I’m a writer. I specialize in writing fiction, especially science-fiction novels, but I’ve written several short stories, mostly with a sci-fi bent, if not outright. But fiction by definition is a story about something that is not real. Fiction generally uses made-up characters and plot lines, though real people can appear in a fictitious work. Even though it’s made up, much fiction can sound very realistic, even fooling some people into thinking it was real. That’s what Thornton Wilder’s Pulitzer Prize-winning book The Bridge of San Luis Rey did to me. I read it in high school. I thought it described a real event, it was so well written. But it isn’t—it’s a novel. It’s all made up. What the hell did I know? I was seventeen at the time. One editor of a journal to whom I’d sent a short story sent me an email asking if the story was fiction or non-fiction. I had to tell him it was a totally fictitious story, but they didn’t print it. (They didn’t like the ending.) That seems to me the ultimate complement a person can give to a writer, that his/her fiction is so real it seems like it really happened. On the other hand, science fiction stories don’t usually have that problem. If you read a story set a long time ago in a galaxy far, far away, you know right away it’s total fiction. Or a story about a man dressed vaguely like a bat who fights crime in the most unimaginable ways possible won’t strain your ability to tell fact from fiction.
But that just brings up an important point, a point I’ve wondered about for a long time. Why do we make up stories? There’s a lot of real stories out there all the time. All you have to do is watch the evening news. Yet there are those of us who sit down if front of a computer or a pad of paper and write about things that never happened, and in many cases, could never happen. Why do we do it? As the title of this post asks, don’t we have something better to do? Isn’t there a soup kitchen we could volunteer at? Couldn’t we advocate for processes to reverse climate change? How about a walk in the woods or the wilderness? Strap a pack on your back and set out along the Continental Divide Trail and expand your mind. Take pictures about your experiences and publish a book. Get involved in real life. Anything other than making up stories.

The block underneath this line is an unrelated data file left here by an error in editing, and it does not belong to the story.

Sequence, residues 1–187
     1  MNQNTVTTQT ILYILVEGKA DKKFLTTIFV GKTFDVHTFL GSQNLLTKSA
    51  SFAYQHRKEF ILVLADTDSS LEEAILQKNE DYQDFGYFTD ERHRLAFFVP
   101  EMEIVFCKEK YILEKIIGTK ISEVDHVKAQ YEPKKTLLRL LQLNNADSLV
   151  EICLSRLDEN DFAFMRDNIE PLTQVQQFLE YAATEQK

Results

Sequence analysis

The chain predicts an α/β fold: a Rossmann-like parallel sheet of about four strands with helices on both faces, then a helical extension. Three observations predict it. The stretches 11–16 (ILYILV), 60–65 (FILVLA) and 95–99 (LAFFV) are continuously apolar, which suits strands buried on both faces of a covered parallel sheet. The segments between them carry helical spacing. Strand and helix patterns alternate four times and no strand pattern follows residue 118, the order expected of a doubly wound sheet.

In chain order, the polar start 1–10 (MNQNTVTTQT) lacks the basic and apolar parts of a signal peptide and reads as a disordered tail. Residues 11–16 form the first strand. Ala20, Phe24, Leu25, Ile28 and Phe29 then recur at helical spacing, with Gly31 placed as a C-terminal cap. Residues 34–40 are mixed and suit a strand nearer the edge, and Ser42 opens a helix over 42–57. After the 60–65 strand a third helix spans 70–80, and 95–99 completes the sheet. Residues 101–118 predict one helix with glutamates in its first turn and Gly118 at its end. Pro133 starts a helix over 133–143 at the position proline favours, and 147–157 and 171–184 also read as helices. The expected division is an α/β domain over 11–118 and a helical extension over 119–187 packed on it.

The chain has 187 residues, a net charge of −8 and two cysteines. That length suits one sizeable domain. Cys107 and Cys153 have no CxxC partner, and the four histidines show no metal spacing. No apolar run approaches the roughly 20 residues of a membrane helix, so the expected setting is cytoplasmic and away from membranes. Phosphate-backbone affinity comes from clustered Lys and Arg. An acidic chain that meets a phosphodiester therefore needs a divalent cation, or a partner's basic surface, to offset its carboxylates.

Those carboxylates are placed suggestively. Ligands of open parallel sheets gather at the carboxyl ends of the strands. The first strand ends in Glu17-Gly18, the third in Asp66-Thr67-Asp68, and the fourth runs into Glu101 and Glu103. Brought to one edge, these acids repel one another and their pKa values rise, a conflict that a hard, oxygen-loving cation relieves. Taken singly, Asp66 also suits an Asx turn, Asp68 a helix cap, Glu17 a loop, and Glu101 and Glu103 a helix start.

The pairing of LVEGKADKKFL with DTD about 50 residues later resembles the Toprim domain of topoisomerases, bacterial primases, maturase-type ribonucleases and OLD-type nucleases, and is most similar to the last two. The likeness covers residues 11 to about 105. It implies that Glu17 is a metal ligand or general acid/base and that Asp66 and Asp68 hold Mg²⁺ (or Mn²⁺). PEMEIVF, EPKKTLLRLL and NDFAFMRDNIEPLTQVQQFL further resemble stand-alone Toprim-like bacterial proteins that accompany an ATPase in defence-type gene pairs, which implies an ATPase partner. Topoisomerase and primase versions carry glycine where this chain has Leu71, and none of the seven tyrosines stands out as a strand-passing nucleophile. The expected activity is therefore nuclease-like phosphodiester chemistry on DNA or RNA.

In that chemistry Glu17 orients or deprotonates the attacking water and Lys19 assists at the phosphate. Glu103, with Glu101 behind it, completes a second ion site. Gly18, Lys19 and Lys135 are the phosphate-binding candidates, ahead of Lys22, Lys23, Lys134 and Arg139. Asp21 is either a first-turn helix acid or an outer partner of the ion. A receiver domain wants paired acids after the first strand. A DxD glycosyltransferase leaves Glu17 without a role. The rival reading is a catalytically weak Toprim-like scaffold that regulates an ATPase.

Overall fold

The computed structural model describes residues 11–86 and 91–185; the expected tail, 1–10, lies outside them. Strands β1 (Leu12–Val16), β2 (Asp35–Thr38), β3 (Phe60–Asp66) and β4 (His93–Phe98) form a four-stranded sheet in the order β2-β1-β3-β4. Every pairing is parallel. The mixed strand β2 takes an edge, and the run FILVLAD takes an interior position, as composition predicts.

On the face of it, making up stories about fictitious characters and unrealistic situations seems infantile and childish. We’re supposed to be adults. Shouldn’t psychiatrists be concerned that so many people sit for hours split off from society living in their own little worlds making up events that never happened? Well, no.
We write fiction for many reasons, and I suspect every fiction writer has his/her own reasons. Some write to tell a real story but in a way that the real people won’t recognize it, or if they do, will understand that others won’t be able to tell who the real people are. Shakespeare did that. Some, like me, write fiction to entertain, to tell a good story that illuminates a part of real life that only a made-up story can do. Connie Willis did that in her twin novels, Blackout and All Clear. Fiction tells us a little about ourselves in a manner we couldn’t get in any other way. Dr. Seuss did that. Fiction illuminates a small part of our humanity that we never really knew existed. Shakespeare again. There’s a place in this world for fiction, certainly, and we must realize it and get to know it. Advocating to end climate change is important, but if you want something better to do, read a novel. Better yet, write one.